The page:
Casualty of Conscience

When one’s views on religion are so far from the norm, relating to others and discussing the issue can be very awkward and uncomfortable. As someone who identifies as agnostic, I’m well aware of the fact that, in the larger scheme of things, I do not fit in with my species. There are roughly two billion Christians, one and half billion Muslims and one billion Hindus on this planet. So to say that people like me are a minority would be a severe understatement. When you consider the fact that I’m Black American, the situation becomes even more dire. My people are known for their religious devotion; we love us some Jesus! So sometimes I ask myself how I can bear it. The reality is that I am surrounded by people of faith. And I cannot-even among my loved ones-be straight up about my thoughts without fear of ostracism. That is part of the reason my blog is so important to me. When I write I can fully express the things that I cannot speak.

Facing my agnosticism has made me anxious. I worry about my identity. Religious issues aside, I’ve always stuck out in my community and have struggled with accusations of “acting white” or thinking I’m “better” than other Black people. Now deep down I know that such discussions are silly. I was born a Black woman and will die a Black woman; there is nothing I can do to change that. But I know my people, and they expect conformity. It ain’t fair and it ain’t right-but it is what it is.

Then there’s the other issue that worries me: dating and relationships. Post-apostasy every man that has approached me has been Christian or Sunni Muslim. Since I know that religion can be a major issue and I potential deal breaker, I have never led anyone on regarding where I stand spiritually. At the same time I respect the beliefs others and don’t antagonize or play devil’s advocate with them. So long as they don’t force their beliefs on me, I’m good. Long-term, however, I wonder about my  prospects.

With that said, changing my beliefs in order to conform to gain the approval of Black folks and/or be with a man is not something that I can do. For so many years I was not honest with myself. For so many years I pushed my questions aside. For so many years I performed rigorous mental gymnastics in order to keep myself within the fold. Looking back I see exactly why I stayed for so long, even when I wasn’t living according to the Scriptures. Not only was I afraid of  punishment in the afterlife, I feared it in this one as well. I feared being left out, ostracized and looked upon with distrust and suspicion. But as I stand here now, I am no longer enslaved to those fears. My conscience will never again be made a casualty to win the approval of others.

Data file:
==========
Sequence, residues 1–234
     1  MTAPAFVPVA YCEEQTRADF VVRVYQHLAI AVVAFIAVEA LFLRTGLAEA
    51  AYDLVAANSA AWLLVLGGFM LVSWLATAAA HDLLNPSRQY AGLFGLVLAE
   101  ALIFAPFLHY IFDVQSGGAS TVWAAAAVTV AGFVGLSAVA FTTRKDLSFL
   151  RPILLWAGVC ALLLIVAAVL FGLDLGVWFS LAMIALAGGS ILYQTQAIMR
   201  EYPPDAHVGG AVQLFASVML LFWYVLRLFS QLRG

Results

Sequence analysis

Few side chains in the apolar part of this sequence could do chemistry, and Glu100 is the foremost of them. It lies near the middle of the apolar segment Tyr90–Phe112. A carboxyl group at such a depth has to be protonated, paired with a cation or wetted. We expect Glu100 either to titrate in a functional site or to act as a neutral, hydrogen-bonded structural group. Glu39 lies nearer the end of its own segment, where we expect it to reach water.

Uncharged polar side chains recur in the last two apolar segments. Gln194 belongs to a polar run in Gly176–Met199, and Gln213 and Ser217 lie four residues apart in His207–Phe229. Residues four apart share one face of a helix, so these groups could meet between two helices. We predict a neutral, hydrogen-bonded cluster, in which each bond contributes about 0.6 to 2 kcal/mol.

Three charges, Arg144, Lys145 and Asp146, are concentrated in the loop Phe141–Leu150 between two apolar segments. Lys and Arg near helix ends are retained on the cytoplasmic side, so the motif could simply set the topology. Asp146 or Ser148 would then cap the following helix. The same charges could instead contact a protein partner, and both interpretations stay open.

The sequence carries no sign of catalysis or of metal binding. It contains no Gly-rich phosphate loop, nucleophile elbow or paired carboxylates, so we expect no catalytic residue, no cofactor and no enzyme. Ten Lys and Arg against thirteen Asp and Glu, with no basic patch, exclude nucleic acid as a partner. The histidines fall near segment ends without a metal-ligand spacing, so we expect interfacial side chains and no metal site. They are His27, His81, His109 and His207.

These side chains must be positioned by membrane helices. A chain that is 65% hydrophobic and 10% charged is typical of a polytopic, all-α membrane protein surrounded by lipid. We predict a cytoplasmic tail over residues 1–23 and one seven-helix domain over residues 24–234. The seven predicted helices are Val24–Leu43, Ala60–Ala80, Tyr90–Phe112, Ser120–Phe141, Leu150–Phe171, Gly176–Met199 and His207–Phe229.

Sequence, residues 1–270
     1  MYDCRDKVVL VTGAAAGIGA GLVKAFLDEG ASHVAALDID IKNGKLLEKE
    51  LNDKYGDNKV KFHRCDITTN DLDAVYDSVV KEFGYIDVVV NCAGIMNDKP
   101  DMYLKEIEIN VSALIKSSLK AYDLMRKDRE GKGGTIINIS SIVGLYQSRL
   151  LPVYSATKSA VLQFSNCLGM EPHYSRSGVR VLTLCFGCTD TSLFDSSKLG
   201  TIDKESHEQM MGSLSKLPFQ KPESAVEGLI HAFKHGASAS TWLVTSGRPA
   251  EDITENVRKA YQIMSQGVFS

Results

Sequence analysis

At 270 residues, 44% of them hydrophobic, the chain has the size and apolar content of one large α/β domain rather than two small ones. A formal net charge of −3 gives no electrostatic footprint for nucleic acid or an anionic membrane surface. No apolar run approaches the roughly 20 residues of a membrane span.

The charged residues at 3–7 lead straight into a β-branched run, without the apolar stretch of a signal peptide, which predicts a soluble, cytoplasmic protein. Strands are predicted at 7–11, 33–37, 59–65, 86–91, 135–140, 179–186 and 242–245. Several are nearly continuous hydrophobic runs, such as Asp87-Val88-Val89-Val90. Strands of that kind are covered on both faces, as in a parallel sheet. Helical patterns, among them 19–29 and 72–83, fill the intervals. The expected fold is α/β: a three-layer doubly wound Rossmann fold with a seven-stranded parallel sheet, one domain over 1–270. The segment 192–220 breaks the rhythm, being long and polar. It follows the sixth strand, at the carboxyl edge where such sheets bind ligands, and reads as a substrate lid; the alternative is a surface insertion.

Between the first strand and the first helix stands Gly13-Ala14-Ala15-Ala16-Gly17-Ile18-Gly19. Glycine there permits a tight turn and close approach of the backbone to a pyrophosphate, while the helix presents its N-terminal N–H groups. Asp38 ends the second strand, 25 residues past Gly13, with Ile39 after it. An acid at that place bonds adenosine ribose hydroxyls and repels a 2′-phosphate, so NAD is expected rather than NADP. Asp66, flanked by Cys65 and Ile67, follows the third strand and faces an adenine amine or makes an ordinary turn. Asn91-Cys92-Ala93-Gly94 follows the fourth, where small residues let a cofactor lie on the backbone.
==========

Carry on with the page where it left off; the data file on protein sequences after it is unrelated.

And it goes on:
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A native Seattleite and recent East Coast transplant, I have been interested in politics, religion, and race from the day I saw “The Autobiography of Malcolm X” on the bookshelf belonging to my BFF’s mom back in 1991. While my zealotry has thankfully diminished with maturity, I remain the deep thinking, passionate, and humble woman I have always been. I reside in the suburbs of NYC with my husband, daughter, and our two feisty but deeply loved cats.

5 thoughts on “Casualty of Conscience

  1. Props for sticking to you, because when there is one, he’ll be the right one. I’m confused by all the “Christians” that approach me wanting relationships with pre-marital sex. I thought abstinence until marriage was a part of the belief system?! So I wonder why it’s o.k. that they can’t “really” practice their religion, but if I openly admit that I don’t practice a belief system / believe in dogma then all of a sudden there is a problem. Hmm… Hypocrisy? Wish there was an agnostic dating site….

  2. Salina don’t even get me started! Really, the biggest difference between us and them is that we are simply HONEST about what we feel and think! Or as a bumper sticker I saw stated:”The difference between atheists/agnostics and Christians is that atheists/agnostics never feel guilty after having sex”.

  3. How you feel resonates with me, in a way. Being an Arab atheist, I often worry about how I will deal with the world once the ties with my (religious) family are severed. Religion makes up such a major chunk of my culture that, without it, what is left for me? Do I risk losing my roots and the support of my community for my views? Not a day goes by when I don’t contemplate the consequences of outing myself.
    Your blog inspires me so much. Keep it up. 🙂

  4. this is such an important post! having been brought up in a catholic family and considering conversion to islam for my Arab and Muslim bf I know where you are coming from. I’m agnostic now and I cannot imagine being with a very religious person.
    I find it hard at times to stick to what I believe in now cause it seems I could have it so much easier if I was a Muslim or Christian. But then again I’m sort of proud of myself for not trying to talk myself into sth that I don’t actually believe in.

    best of luck finding sb who is on the same page with you when it comes to religion 🙂

  5. Living in a country where the majority of people don’t really believe anything, you’re also stigmatized when you DO have beliefs (even/especially if they’re different from the majority).

    I see myself as Unitarian Universalist Monotheist something something and people around me get so uncomfortable because I believe in God, then the religious people around me get so uncomfortable because I’m not a Christian or a Muslim.

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